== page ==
How to Sprout Grains and Beans





Introduction: How to Sprout Grains and Beans

About: I work at instructables by day, and turn into a stitch witch by night. follow me on instagram @jessyratfink to see what i'm working on! ^_^

Sprouting grains and beans on your own is cheap and easy to do! You can eat sprouts on their own raw, or cook them and add them to other dishes. You can even make flour from sprouted grains! :)

In this instructable I'll cover how to sprout grains and beans on your own and what sorts of beans and sprouts are safe to eat raw.

My absolute favorite things to sprout are quinoa, lentils and mung beans - they're great raw. :D

Step 1: What You'll Need + Beans and Sprouts to Eat Raw

(What I'm sprouting, left to right: quinoa, French lentils, brown rice, wheat berries, chickpeas - quinoa and French lentils are my favorites, though the wheat berries are really tasty too!)


Beans/legumes to sprout and eat raw:

  • whole lentils (I'm using French green lentils)
  • mung
  • adzuki
  • chickpeas
  • green peas

Grains to sprout:

  • wheat berries
  • quinoa
  • brown rice
  • barley

This page has a more complete list and lots of info!

You can also sprout greens like alfalfa and clover, but I tend to just buy those because they're super easy to find and I save myself some effort.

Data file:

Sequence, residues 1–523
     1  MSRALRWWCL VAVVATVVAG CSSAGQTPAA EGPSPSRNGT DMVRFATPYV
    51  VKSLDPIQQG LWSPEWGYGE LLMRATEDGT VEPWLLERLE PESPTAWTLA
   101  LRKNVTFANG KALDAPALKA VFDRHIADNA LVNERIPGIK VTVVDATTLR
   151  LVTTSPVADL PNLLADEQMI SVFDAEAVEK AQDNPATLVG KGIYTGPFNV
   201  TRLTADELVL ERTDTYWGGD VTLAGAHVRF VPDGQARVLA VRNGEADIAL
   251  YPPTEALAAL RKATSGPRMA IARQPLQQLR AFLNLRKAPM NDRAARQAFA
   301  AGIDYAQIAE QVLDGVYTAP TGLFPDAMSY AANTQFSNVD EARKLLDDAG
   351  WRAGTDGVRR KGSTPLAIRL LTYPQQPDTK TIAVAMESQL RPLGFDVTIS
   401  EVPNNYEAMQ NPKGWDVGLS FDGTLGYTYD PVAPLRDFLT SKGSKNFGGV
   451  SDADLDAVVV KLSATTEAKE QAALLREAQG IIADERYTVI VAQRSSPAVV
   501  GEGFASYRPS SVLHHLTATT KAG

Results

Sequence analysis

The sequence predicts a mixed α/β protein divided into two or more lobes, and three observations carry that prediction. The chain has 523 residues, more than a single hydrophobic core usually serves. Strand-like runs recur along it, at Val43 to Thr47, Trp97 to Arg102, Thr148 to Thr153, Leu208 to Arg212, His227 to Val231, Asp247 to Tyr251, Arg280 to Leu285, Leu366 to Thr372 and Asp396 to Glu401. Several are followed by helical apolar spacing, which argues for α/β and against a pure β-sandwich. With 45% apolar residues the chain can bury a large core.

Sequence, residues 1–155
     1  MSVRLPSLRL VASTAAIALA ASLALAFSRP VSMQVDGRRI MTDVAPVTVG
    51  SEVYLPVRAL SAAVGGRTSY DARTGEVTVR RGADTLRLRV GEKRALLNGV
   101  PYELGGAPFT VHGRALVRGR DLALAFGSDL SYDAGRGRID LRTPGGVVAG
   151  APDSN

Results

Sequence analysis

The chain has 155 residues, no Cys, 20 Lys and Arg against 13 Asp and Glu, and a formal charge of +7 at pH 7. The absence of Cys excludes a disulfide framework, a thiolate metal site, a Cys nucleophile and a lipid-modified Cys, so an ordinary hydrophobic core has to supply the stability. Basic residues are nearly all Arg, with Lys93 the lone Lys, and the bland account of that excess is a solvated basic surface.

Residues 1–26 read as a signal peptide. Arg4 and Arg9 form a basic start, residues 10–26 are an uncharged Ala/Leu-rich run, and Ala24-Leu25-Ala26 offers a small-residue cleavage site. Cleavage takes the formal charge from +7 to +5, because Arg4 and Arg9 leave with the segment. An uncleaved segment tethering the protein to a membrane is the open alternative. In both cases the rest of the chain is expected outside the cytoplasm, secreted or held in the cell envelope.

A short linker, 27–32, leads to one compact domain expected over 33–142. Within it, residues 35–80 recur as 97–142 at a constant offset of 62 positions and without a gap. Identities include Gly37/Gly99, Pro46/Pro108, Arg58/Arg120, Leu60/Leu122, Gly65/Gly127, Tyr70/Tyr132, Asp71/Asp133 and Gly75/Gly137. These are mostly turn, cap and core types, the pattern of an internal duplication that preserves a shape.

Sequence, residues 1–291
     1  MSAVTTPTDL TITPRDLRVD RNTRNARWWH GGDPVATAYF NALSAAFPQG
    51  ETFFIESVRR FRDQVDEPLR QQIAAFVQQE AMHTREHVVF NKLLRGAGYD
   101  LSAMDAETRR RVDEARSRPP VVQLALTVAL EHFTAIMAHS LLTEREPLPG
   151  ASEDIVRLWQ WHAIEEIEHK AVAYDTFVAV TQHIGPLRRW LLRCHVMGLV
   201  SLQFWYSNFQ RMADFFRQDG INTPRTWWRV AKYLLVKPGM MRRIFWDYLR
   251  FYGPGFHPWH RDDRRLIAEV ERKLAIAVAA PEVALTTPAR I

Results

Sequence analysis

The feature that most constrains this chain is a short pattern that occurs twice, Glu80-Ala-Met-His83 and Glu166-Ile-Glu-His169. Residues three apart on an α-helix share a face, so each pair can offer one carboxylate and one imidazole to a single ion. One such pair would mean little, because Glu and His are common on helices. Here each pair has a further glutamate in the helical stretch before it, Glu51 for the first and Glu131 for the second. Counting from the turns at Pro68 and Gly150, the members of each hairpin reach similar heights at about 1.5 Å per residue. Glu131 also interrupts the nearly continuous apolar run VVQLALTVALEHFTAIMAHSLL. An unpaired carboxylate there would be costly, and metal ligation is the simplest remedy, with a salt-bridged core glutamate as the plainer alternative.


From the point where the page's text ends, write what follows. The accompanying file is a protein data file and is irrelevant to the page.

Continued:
Keep in mind that there are certain beans that are toxic eaten raw, so always do your research before eating them raw. You can sprout and then cook them, however!

Step 2: Soaking

Please keep in mind that the grains/beans will swell when soaked, so make sure you never fill the jars more than 1/3 of the way full.

You'll want to rinse the grains/beans and pluck out any rocks or odd colored pieces. Then pour them into jars and cover with cool water almost to the top.

Cover with the cheesecloth and seal with the lid ring and let them soak at room temperature for 6-8 hours. Do this out of direct sunlight. :)

I always lean more towards 8 hours, because that way I can go to sleep or head to work and let them soak while I'm doing something else.

Step 3: Draining + Rinsing

After the initial 8 hour soak, pour out the soaking water and rinse the grains/beans very well. I like to set them over a baking sheet on a rack so that they can continue draining.

For smaller grains like quinoa, you'll want to drain them really really well - otherwise they can get quite stinky! Holding the jars at a 45 degree angle lets them drain a little better.

After the initial rinsing, let them sit upside down on the rack (or on a dish rack!) unless you're rinsing them. You'll want to rinse them 3-4 times a day and set them back to drain until they begin to sprout.

Step 4: Sprouting Times

Most beans and grains will be ready within 48 hours, though some can take 4-5 days - Keep them rinsed and well drained during this time or the sprouts can go bad.

In most cases, I stop sprouting them as soon as I see a little tail, anywhere from 1/8 - 1/2 inch. Brown rice takes a while longer, however - and the leafy green sprouts can do with another day in sunlight so they grow tiny shoots. :)

Keep in mind that if you let the sprouting process go too long, you can alter the flavor in a huge way, and often not for the better. The length of time that you let them sprout will be something you figure out with a little trial and error.